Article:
Jul 21 • 4M

138. The Fear Is The Whole Point

We need fear to teach us lessons.

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Invariably when someone asks me for tips on how to to scary things, they are really asking for ways to make those things less scary and less uncomfortable.

When people ask me how to be brave, they are often asking me how to not be so afraid.

Both questions are understandable without a doubt. Both both questions are also completely missing one of the foundational concepts of recovery from an anxiety disorder. When we become afraid of how we feel and what we think - when anxiety and fear become the source of more anxiety and fear - the way out of this dilemma is to unmask the irrational nature of this fear. Recovery is essentially learning that while anxiety can feel really scary, there’s no danger and therefore no reason to be afraid in the end.

If we accept part of the essence of disordered anxiety as fear without actual corresponding threat or danger, then the way out that pickle is to break the link between the anxiety itself, and the perception of impending doom or harm. When the link is broken we are left with simply experiencing anxiety as an unpleasant and unwanted sensation, but not an emergency.

Odds are you’ve been trying everything you can think of to break that link with thoughts, ideas, words, quotes, memes, and soothing techniques. Has that worked? I’m guessing that since you’re reading this, it has not, at least not consistently or for any length of time.

Now you’re left with an inconvenient alternative. Facing the fear rather than trying to think or talk yourself out of it. I understand that nobody wants to do that, but we most effectively break that faulty mental link between anxiety and danger by allowing the danger to happen, then seeing that it never actually does. That means facing what you are sure is dangerous (even when it is not), which means being AFRAID. The fear is a key part of the experiences that teach us the lessons we need to learn. Without the fear, we learn nothing, and we remain stuck.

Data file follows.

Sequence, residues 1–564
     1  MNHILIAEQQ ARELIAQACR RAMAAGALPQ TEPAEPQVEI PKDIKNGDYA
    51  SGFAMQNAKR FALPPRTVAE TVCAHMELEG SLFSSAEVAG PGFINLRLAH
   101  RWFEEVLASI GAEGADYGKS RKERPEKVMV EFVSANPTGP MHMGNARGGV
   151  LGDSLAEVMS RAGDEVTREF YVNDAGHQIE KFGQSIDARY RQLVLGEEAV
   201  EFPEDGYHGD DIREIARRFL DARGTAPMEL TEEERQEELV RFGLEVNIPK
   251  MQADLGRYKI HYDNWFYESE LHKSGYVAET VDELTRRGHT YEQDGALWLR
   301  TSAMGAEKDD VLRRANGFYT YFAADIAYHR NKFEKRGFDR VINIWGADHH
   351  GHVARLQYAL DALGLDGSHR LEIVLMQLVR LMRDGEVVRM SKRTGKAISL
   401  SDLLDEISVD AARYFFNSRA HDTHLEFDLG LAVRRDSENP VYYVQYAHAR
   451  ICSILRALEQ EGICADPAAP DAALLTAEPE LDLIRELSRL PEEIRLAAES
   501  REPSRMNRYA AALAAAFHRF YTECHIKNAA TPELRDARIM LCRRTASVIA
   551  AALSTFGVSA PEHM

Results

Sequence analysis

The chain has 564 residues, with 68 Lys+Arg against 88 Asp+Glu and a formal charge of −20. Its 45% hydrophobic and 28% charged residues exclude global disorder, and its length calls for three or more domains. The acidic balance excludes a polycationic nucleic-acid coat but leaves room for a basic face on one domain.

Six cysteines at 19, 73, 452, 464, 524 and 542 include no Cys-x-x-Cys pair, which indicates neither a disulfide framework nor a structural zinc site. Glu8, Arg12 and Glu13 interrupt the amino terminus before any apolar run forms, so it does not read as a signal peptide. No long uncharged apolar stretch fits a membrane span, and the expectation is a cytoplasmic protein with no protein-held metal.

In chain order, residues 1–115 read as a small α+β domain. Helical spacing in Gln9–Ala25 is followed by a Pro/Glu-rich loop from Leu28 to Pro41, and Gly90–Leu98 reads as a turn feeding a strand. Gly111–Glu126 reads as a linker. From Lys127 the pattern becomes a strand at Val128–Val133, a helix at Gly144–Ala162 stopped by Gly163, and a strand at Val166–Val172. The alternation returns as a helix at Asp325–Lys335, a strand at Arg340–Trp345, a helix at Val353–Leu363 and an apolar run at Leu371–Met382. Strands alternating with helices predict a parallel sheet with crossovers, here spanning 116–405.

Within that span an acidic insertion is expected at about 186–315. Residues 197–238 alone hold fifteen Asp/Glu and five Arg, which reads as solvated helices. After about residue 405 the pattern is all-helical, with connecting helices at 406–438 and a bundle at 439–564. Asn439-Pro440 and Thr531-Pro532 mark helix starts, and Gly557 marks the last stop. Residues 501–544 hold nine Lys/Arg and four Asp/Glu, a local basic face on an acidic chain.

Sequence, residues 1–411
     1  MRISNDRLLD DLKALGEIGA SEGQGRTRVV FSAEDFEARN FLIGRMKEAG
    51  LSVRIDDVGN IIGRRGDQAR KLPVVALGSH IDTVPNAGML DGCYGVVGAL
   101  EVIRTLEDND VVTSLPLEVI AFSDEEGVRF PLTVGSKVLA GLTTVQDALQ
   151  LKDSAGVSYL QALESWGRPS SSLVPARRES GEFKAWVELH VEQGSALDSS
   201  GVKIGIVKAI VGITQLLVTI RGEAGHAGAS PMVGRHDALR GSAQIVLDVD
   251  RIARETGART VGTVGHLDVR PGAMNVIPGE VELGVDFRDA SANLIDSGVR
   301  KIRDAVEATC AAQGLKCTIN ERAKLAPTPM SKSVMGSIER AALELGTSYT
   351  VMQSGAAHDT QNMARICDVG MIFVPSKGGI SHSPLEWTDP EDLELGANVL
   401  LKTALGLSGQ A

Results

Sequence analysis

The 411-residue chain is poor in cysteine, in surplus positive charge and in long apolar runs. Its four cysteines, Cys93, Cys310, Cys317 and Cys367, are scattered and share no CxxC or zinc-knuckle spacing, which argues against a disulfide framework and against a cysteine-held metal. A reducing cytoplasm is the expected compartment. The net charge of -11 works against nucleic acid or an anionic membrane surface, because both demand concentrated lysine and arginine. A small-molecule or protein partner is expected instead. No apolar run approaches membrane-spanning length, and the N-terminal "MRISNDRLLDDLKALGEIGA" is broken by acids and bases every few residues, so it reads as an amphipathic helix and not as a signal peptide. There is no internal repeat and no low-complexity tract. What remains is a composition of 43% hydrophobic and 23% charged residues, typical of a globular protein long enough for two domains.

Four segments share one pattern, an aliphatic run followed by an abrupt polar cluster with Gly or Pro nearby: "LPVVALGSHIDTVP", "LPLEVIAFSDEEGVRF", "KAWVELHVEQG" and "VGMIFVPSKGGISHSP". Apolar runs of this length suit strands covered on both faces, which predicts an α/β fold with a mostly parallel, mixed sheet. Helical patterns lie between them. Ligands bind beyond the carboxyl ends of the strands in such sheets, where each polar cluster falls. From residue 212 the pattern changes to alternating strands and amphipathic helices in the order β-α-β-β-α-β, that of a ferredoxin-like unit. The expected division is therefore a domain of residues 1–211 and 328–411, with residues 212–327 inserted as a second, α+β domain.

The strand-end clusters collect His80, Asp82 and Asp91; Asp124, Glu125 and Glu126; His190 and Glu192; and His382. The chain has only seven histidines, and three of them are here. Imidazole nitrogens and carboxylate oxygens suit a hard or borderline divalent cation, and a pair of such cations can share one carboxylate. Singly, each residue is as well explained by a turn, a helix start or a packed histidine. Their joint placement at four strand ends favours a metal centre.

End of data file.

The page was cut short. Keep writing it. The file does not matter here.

So being afraid is not your problem. It’s really the solution to your problem. This means that you have to stop grasping for ways to get around fear or stop it from happening, because you can’t have that and recovery at the same time. Seeing the presence of fear as failure is putting yourself in an unfair and untenable situation, and totally misses the point of why you are trying to do scary things to begin with.

It’s not natural or intuitive to welcome fear, or to see it as a teacher or ally. We are wired to see fear as an enemy. Hell, that wiring is part of what created the problem you’re trying to solve right now. But in this case, our way out is to put aside our natural drive to avoid fear … and move toward it.

When you make your life smaller and smaller to remain calm and to feel safe all the time, you are stuck. If you are working on your recovery and you are afraid, you are on the right track!

Yet another statement that must look downright absurd to anyone not well versed in the mechanics of disordered anxiety. I feel like an absurdity machine sometimes, but there is wisdom in the absurd for folks like us, so let’s embrace it rather than running away from it.


Have you listened to this week’s episode of The Anxious Truth podcast? Check it out out on Apple Podcasts, Spotify, Google Podcasts, Amazon Music, or my website and YouTube channel.